One question I have about the potential widespread use of AI music generation systems like MusicLM is whether AI will have the same capacity for creativity as humans do. Right now, my understanding of current AI music generation systems is that they are trained using existing music datasets and are capable of producing music similar to the data that they are trained with. Humans similarly learn by using information from the present and the past. However, I think humans also have the unique ability to be creative and innovate beyond the information they have been provided. I feel like this is the reason that music is constantly evolving and changing and the reason that music today doesn’t sound like the music from 50 years ago. Could AI systems be creative in the same way and be capable of developing new types of sounds, new instruments, and new genres? Or would music just continue to generally sound the same without the input of humans? 


So far, I think AI systems have shown that they have some capacity for imagination and creativity, but still not to the same extent as a human. My first exposure to this was when I learned about AlphaGo, an AI that DeepMind developed to play the board game Go. I grew up being a huge chess nerd and had a basic understanding of how chess engines worked. Traditional chess engines are able to play chess incredibly well by traversing the tree of all possible moves and heuristically evaluating each resulting position to determine the best possible move. This strategy doesn’t work in Go because the number of possible moves in any given position is much higher, making it impossible to traverse the entire tree of possible positions. It is also hard to algorithmically evaluate a board position because of the complexity and creativity involved in Go strategy. 


AlphaGo was the first AI capable of beating the top human Go players in the world. Unlike chess engines, AlphaGo uses a neural network and is trained on a large number of Go games to learn what kinds of moves would be best in different scenarios, more similarly to the way a human learns. In AlphaGo’s highly publicized matches against famous Go players, commentators stated that some of the moves that AlphaGo played were extremely unusual and that a human would never have thought to play them. Many said that these unusual moves were brilliant.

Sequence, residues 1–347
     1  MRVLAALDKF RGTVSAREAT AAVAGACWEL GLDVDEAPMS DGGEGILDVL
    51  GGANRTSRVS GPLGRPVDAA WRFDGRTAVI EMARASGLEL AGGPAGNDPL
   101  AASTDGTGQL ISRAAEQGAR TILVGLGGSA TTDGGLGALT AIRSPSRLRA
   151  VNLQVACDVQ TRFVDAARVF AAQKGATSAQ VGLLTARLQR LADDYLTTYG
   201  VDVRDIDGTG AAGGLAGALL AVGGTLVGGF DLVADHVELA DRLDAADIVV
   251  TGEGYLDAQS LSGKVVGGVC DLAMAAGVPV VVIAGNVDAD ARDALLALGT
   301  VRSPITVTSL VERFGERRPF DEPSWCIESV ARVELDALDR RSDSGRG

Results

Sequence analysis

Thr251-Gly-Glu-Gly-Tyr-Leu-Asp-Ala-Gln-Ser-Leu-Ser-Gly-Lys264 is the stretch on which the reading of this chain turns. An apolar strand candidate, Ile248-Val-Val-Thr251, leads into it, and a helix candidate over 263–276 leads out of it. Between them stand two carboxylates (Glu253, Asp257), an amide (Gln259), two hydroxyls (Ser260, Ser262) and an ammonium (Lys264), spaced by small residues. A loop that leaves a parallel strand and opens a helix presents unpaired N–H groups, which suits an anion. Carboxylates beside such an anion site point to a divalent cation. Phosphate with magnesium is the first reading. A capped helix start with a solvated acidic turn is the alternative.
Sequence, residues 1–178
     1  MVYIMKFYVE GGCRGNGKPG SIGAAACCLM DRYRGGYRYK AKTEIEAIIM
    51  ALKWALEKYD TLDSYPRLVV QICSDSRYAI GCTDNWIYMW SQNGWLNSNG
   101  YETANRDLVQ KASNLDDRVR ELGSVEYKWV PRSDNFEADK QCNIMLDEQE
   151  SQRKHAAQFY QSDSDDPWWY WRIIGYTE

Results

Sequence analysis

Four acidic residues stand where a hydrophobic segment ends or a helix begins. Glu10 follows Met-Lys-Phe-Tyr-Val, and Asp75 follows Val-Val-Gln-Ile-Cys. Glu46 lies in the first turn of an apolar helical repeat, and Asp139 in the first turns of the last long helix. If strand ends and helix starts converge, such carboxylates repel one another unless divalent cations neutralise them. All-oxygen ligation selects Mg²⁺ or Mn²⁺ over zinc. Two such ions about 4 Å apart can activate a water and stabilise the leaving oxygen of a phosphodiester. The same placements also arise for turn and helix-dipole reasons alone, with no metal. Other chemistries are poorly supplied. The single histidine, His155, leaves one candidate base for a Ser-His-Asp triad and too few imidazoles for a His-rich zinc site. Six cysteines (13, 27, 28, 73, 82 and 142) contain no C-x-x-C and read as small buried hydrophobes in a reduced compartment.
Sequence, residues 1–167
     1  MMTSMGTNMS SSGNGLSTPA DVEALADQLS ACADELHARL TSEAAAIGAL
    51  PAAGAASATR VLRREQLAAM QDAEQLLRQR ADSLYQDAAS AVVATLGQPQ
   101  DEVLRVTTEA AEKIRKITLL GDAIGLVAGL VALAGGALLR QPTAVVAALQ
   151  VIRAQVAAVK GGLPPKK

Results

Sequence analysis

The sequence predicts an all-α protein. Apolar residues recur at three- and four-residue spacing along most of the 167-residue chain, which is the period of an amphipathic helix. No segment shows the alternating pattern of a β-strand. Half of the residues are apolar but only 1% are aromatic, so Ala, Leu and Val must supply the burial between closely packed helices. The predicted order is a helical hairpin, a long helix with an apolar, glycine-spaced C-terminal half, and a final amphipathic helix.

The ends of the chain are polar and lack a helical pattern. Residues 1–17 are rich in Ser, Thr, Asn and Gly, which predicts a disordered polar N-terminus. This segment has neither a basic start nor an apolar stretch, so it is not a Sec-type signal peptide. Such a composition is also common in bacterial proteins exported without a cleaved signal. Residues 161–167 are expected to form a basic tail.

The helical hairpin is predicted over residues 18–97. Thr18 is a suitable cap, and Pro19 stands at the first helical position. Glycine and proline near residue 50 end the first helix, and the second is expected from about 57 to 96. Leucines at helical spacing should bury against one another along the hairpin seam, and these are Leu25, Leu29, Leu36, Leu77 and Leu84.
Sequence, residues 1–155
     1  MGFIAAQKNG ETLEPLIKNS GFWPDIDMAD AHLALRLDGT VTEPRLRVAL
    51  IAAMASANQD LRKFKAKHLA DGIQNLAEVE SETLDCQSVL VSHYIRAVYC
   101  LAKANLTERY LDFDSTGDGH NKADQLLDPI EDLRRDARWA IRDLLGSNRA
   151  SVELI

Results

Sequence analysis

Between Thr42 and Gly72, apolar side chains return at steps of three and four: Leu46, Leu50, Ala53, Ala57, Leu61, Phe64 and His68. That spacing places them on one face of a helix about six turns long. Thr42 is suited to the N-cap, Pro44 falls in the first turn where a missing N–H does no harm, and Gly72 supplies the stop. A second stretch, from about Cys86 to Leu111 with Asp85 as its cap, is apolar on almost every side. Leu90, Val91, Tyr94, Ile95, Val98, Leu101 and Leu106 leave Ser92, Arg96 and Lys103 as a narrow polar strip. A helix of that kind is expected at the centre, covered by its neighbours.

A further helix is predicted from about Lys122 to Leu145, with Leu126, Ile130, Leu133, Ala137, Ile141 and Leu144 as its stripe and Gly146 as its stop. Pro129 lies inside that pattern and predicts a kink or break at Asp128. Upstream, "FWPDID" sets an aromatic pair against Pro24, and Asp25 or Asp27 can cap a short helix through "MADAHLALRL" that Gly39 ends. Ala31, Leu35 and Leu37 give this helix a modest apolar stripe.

In this way, I think that AlphaGo was able to achieve a type of imagination and creativity that extended beyond a human’s capacity for creativity. However, Go is a confined system with defined rules. There is a limit to the inputs, outputs, and potential actions in this system. It is a lot easier to be creative within a confined system than it is to be creative when the possibilities are endless. When creating new music, for example, humans can be inspired by so many things outside of existing music, such as the emotions they feel or events that occur around them. Humans are also capable of pushing the boundaries of what’s possible in the limitless realm of music creation. When the options are infinite, can an AI possibly mimic the creativity of a human? How could an AI understand what it means to feel an emotion and learn how to fuel that into a song? What kinds of data could inspire an AI to invent an entirely new genre of music?